Aviv Handler has been instrumental to the ETOT content landscape for almost its whole history – as anyone in the business will you, he knows his stuff!
Did you know however that he’s a former programmer?
We don’t often see “IT” make the jump to commercial leadership simply due to the fact that the IT world is so vastly complex in itself.
Nonetheless, ahed of his appreance and talk at ETOT this October, we had a brief chat about his views on current times as well as his own background.
The energy trading sector has been undergoing deep changes in the past few years, with the rise of renewable energy offers, and the heavy regulatory requirements. In your opinion, what has been the main impact of these changes on the markets? On your day to day work?
My job is mainly around regulation – overall, a few things have changed in the market.
One thing is that we are moving more and more to short term trading because of renewables. Another change is the changes in prices and margins – in terms of the oil price, gas prices going down, increased LNG and that sort of thing.
So we do see decreased margins with a move to short term and perhaps more volatile trading and of course the encroachment of regulation.
The regulation has gone “up and up” and that has impacted the market as well.
What I’m seeing is a gradual acceptance of the fact that regulation is a constant part of the business much like banks and it’s taken us several years for that to happen. We are now seeing an increased focus on anti-abuse measures which we have been waiting for, for quite some time.
The move to short term trading changes the systems you might need – what strategy you adopt, how you handle risk and even how you fund yourself.
…prices have gone down and costs have gone up due to regulation. So are people trying to get higher volumes? Yes some. I don’t think people have accepted yet that low margins are here to stay.
Are people moving away from higher margins and towards larger market share?
Yes, the margins have gone down for several reasons – prices have gone down and costs have gone up due to regulation. So are people trying to get higher volumes? Yes some. I don’t think people have accepted yet that low margins are here to stay. They are also trying to streamline/automate their businesses to adapt to this.
Could you give us an example of how exactly you help market participants? Especially regarding regulation?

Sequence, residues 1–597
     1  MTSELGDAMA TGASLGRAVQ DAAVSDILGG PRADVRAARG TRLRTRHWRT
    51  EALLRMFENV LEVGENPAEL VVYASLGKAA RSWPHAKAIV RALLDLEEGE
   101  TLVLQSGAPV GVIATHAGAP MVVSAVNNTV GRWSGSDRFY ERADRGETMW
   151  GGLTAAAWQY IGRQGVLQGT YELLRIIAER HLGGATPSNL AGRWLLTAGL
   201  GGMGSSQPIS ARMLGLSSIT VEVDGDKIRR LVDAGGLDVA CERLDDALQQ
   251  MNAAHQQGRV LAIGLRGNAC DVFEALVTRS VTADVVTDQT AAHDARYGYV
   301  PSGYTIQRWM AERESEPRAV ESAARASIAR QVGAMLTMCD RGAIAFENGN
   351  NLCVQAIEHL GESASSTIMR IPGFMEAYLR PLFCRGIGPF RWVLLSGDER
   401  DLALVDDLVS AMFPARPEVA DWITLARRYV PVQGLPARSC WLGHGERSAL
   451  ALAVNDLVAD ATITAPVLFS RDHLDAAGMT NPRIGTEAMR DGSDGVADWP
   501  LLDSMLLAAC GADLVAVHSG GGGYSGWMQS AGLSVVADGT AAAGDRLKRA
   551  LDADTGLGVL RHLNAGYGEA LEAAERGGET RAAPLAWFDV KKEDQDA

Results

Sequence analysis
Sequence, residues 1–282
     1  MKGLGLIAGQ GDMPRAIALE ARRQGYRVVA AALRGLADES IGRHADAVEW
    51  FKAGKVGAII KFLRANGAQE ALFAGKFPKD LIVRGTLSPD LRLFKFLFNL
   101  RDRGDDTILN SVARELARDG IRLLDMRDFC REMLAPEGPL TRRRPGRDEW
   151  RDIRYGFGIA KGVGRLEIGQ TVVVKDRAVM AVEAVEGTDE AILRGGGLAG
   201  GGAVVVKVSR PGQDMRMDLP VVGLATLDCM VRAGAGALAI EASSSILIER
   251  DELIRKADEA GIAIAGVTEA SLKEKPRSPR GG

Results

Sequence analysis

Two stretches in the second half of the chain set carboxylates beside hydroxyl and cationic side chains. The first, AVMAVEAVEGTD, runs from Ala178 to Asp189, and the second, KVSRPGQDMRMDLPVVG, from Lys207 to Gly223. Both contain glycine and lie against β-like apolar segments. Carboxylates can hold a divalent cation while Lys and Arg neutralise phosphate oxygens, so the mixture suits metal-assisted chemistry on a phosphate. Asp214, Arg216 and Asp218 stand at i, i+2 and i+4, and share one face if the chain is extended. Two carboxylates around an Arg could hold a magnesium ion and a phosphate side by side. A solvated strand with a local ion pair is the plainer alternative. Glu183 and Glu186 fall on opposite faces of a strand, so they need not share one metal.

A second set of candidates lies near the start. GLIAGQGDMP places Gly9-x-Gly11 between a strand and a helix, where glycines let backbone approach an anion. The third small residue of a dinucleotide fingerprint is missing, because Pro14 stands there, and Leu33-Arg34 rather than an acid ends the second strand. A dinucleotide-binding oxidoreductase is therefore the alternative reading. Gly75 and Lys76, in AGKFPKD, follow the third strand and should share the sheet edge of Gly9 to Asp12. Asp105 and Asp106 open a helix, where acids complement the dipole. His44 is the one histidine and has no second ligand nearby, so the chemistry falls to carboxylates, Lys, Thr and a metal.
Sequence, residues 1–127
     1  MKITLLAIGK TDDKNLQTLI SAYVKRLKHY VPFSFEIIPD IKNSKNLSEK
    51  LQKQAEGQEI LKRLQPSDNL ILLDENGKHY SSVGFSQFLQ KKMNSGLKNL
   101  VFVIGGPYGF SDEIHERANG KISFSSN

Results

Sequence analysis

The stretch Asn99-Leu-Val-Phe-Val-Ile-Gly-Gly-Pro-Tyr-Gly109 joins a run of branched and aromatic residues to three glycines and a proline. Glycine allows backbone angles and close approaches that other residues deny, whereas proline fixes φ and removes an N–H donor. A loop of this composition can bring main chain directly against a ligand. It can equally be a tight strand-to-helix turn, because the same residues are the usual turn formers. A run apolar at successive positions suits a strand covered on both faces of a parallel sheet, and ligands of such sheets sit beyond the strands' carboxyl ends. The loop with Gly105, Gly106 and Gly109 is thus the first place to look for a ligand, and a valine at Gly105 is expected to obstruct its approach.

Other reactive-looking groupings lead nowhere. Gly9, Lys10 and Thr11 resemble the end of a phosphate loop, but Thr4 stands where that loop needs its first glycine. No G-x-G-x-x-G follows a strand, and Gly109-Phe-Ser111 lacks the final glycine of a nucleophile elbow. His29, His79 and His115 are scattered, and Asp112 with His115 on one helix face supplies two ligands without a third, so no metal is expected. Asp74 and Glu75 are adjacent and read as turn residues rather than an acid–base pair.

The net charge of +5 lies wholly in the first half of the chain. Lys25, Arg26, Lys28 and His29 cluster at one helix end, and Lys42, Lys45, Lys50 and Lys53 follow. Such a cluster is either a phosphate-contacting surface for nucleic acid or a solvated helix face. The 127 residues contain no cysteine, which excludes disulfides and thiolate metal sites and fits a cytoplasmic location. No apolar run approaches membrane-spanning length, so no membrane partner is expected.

I help all sorts of people but a big project which ended recently was the reporting of data under the REMIT rules. I’ve helped several market participants to prepare their systems and processes for REMIT. This involves helping them work out what to report, how to report, how to interpret a bunch of long term contracts, how to put things into place and things of this nature.
Another example is Market Abuse Regulation – so I am in the process of helping many companies prepare for these regulations and that is in 3 streams. One is to make sure they have the correct policies in place; one is to make sure that they have the correct monitoring in place and one is to make sure that they are trained.
What’s your background Aviv?
I started as an “IT” guy. My original work, my degree was in IT. I was a programmer and generally in IT. I’ve not always done regulation, I’ve come in and out of it – but quite early in my career (about 20 years ago) I became the lead programmer in a project to build a regulation module for a large software company for what we called the Capital Adequacy Directive in 1995. That was my first brush with regulation then through various mechanisms I started to not only become involved in the IT side but I started to “read the rules”. And so I started to take on more of a business function as well – and that’s how I originally got involved in regulation.
My other big area is credit risk – risk management and also some general trading.
I also fell into areas more on the derivatives side of things so I used to be on the financial side and derivatives and then moved into energy in 2001.
"I think it’s important for some of the Back Office people to be IT people at first and also for the IT people to do stints among the IT people."
As someone who has had a great deal of exposure to the Back Office and IT side, what do you think makes a successful recipe for optimal communication?
I think that co-mingling is usually the way.
I think it’s important for some of the Back Office people to be IT people at first and also for the IT people to do stints among the IT people.
What do you think?
Have you also observed the move to more short term trading?
What about the move away from margin-focused trade to market share-focused trade?
Let us know!
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